By James Glynn
SYDNEY--The Reserve Bank of Australia left its benchmark interest rate on hold Tuesday, but it remains somewhat cautious on the outlook in 2020 with its eye on stubbornly weak consumer spending and growing global growth risks linked to the spread of the new coronavirus.
The official cash rate remained at a record low of 0.75%, with the RBA pointing to evidence that three interest rate cuts in 2019 are boosting house prices and underpinning household debt reduction.
"The Board will continue to monitor developments carefully, including in the labor market. It remains prepared to ease monetary policy further if needed to support sustainable growth in the economy," RBA Gov. Philip Lowe said in a statement accompanying the decision.
Unemployment has been nudging lower in recent months, giving the RBA some time to pause and consider its next policy decision, economists said. A question mark remains over the impact of bush fires and the coronavirus on the outlook.
"In the short term, the bushfires and the coronavirus outbreak will temporarily weigh on domestic growth," Mr. Lowe added.
Mr. Lowe expected unemployment to remain around its current level of 5.1% for now, before moving lower over the medium term.
Retail spending has also strengthened a bit, offering some hope that consumer demand might be recovering tentatively. Still, data later this week is expected to show soft Christmas sales.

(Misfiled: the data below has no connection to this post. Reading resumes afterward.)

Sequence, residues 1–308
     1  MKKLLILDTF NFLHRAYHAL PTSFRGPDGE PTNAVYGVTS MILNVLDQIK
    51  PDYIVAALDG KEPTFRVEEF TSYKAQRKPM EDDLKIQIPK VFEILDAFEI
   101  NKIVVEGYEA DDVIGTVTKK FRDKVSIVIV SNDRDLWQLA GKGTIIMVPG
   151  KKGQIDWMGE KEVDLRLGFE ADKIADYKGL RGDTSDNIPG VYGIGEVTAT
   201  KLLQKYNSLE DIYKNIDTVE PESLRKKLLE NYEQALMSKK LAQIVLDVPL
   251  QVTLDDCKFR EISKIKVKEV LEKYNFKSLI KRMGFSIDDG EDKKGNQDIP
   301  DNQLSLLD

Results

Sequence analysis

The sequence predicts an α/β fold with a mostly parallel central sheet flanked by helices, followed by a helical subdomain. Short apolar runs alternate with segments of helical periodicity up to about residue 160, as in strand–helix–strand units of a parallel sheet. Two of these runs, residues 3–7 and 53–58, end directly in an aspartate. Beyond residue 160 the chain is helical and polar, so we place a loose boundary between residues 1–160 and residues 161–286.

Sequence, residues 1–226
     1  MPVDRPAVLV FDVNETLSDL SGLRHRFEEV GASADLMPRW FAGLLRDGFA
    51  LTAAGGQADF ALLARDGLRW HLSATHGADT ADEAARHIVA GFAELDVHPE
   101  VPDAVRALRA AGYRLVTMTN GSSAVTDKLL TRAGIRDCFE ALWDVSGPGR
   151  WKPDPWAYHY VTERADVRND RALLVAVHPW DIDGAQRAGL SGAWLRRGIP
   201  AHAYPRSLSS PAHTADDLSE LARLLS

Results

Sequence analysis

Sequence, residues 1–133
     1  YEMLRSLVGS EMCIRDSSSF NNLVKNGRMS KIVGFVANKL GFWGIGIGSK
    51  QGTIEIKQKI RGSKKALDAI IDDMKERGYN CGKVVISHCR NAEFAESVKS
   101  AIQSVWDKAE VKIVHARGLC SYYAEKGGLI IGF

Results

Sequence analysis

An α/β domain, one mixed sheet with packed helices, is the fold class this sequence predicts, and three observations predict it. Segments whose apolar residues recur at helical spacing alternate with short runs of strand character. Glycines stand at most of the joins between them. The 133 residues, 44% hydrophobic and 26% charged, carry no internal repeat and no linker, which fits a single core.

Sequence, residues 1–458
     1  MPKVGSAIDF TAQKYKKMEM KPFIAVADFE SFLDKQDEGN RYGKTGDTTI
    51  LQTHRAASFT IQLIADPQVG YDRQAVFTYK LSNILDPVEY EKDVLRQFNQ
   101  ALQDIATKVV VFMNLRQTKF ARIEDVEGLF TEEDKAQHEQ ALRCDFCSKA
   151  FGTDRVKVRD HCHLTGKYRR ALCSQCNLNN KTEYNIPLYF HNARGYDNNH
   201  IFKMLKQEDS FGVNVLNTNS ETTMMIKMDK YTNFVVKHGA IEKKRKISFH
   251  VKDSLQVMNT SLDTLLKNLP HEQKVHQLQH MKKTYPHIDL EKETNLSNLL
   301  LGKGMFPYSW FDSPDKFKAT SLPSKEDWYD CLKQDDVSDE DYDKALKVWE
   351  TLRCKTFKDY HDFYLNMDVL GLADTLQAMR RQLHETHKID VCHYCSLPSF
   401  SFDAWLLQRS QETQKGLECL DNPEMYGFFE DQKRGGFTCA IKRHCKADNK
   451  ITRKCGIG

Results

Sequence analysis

"The easing of monetary policy last year is supporting employment and income growth in Australia and a return of inflation to the medium-term target range," Mr. Lowe said.
Interest-rate cuts last year have put downward pressure on the Australian dollar, offered consumers time to reduce mortgage and credit-card debt as well as boosted asset prices, he added.
The RBA is tallying up the impact of recent wildfires across much of the country, with the bank's 2020 growth forecast set to be shaved in an update on the economy on Friday.
Australia is in the direct firing line of the coronavirus fallout given its heavy reliance on Chinese tourism. Any buckling of the Chinese economy would put a hefty dent in iron-ore exports from Australia's northwest mining region.
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